Administration resists pressure for Congress to O.K. GIs in Bosnia Mission's importance said to justify casualty risk

October 18, 1995|By Gilbert A. Lewthwaite | Gilbert A. Lewthwaite,SUN NATIONAL STAFF

WASHINGTON -- Asserting that the mission justifies the risk of American casualties, President Clinton's top national security advisers yesterday resisted bipartisan pressure to seek congressional approval before deploying U.S. troops to Bosnia as peacekeepers.

The officials said that the deployment of up to 20,000 U.S. troops -- scaled back from earlier estimates of 25,000 -- to a NATO peacekeeping force of 60,000 could involve the call-up of 2,000 to 8,000 reservists.

The reservists' duties would include engineering and civil liaison in Bosnia, transport and supply support in Croatia and Italy, and medical backup in Germany, according to a Pentagon official. It was not known from which units the reservists would be drawn.

But Secretary of State Warren Christopher, Defense Secretary William J. Perry and Army Gen. John M. Shalikashvili, chairman of the Joint Chiefs of Staff, pledged during their testimony before two Senate committees that American troops will be fully capable of defending themselves.

"This NATO force will be the biggest, toughest and meanest dog in town," said Mr. Perry. "If attacked, it will bring a large hammer down on [the attackers] immediately."

Such assurances aside, Republicans and Democrats on the Senate Foreign Relations and Armed Services committees pressed the Clinton aides for a commitment to bring the issue to Congress before actually deploying the U.S. troops, perhaps as early as next month.

Republican Sen. Strom Thurmond of South Carolina, the Armed Services chairman, said it would be "pure folly" for Mr. Clinton not to seek congressional approval for the military deployment.

Sen. Jesse Helms, a North Carolina Republican and chairman of the Foreign Relations Committee, told the officials: "I cannot and I do not and I will not support sending American soldiers to fight and to die for the sake of an agreement not yet reached, which may offer no more than the promise of a brief pause while all sides prepare for the next round of Balkan wars."

Faced with a chorus of demands for greater involvement by lawmakers, Mr. Perry and Mr. Christopher said only that Mr. Clinton would "welcome" congressional support for the mission.

They steadfastly refused to endorse repeated suggestions that he should seek the lawmakers' approval.

But Mr. Christopher acknowledged: "It is vital that the administration, Congress, and, most important, the American people find common ground on the need for American leadership."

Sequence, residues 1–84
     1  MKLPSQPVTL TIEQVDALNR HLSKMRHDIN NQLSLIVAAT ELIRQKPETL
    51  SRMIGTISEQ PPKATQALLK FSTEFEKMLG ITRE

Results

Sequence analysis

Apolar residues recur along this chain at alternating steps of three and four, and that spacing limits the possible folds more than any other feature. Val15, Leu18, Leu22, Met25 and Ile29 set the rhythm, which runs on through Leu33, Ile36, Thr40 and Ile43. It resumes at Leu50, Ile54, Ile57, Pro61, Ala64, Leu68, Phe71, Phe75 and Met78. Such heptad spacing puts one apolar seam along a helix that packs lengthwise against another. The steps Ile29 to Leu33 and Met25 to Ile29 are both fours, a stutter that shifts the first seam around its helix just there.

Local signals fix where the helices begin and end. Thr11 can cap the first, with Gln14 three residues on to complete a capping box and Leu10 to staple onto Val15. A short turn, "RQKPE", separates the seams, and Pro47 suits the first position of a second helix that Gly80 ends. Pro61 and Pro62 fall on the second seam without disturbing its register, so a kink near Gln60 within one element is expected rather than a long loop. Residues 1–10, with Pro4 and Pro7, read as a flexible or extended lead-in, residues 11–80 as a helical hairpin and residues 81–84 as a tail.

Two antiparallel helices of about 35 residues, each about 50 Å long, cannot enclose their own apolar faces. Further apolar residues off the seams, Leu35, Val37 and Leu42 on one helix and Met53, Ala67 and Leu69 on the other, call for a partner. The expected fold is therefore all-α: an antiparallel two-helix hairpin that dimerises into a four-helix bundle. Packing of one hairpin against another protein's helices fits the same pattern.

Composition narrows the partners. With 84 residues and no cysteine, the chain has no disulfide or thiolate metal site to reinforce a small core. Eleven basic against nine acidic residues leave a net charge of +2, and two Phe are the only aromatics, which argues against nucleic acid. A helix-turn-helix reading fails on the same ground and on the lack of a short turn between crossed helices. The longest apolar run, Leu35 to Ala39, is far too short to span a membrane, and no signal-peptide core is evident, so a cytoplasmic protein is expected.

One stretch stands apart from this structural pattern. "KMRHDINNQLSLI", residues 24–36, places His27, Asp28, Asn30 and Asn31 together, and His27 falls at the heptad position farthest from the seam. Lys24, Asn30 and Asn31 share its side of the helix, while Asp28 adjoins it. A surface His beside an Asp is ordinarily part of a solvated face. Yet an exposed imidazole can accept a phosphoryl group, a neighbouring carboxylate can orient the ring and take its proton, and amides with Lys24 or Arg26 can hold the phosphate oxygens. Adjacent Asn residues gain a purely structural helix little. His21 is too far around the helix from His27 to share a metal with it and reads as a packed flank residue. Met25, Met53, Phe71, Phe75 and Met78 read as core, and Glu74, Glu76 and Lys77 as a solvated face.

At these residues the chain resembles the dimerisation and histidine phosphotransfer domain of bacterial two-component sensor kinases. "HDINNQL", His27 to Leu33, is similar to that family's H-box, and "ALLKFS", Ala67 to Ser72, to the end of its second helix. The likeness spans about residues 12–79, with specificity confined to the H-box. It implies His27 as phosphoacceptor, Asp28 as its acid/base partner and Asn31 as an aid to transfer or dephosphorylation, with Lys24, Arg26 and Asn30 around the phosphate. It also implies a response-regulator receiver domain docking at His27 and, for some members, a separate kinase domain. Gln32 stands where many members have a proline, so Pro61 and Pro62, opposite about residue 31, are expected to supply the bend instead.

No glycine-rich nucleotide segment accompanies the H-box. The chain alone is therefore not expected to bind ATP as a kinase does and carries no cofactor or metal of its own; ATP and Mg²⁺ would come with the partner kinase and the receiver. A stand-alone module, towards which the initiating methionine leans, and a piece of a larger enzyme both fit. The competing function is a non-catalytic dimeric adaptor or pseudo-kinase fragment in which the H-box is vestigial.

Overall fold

The two Cabinet members stressed that the deployment of American troops as part of a NATO peacekeeping force was in the nation's vital interest.

Their rationale: U.S. interests would be served by preventing the spread of war in the Balkans and ensuring peace and stability in Europe. U.S. leadership of NATO also is at stake, they said, insisting that the United States could not walk away from the mission and retain its primacy within the alliance.

Mr. Christopher said the Bosnian government would not sign a peace agreement unless the United States and NATO were committed to policing it.

The administration, which plans to send in troops only if a peace settlement is signed, is preparing to convene peace talks in the United States this month. It will work out details of how large an American force will be needed and try to find a formula to allow the Russians, who refuse to serve under NATO command, to be involved in the mission.

The U.S. deployment is slated by the administration to last no more than a year.

The peace plan calls for establishing military stability in Bosnia-Herzegovina. The administration hopes to achieve this by arms control, persuading the Bosnian Serbs to reduce their heavy weapons to the level of the weaker Bosnian government forces.

If the Serbs refuse, Mr. Perry told lawmakers, the administratiowould seek an end to the international arms embargo on the the warring factions that would allow the United States to equip and train the Bosnian army to the level of the Serbs.

Sen. James M. Inhofe, an Oklahoma Republican, recalled 18 U.S. Rangers being killed by rebels in Somalia and said: "I'd like to have any one of you tell me, if we're going to have hundreds of young Americans dying over there, is the mission justification for their deaths?"

Mr. Perry replied: "Yes. The U.S. has vital political, economic and security interests in Europe."

In Sarajevo, the Bosnian government warned yesterday of trouble if Serbs do not soon restore water to the city, a threat apparently designed to move the Bosnian capital's fate to center stage in coming peace talks.

The Serbs want part of Sarajevo in any peace settlement, and have not fully lifted their siege of the capital. The Muslim-led government says the city cannot be divided, and so far Western powers have backed that position.

But there also were signs of progress.

Government officials and Bosnian Serb military leaders were meeting at Sarajevo airport for a second day to negotiate an exchange of prisoners of war.

And the United Nations succeeded in getting a convoy through to the beleaguered government-held enclave of Gorazde in eastern Bosnia after Serbs had blocked the road in defiance of the cease-fire.

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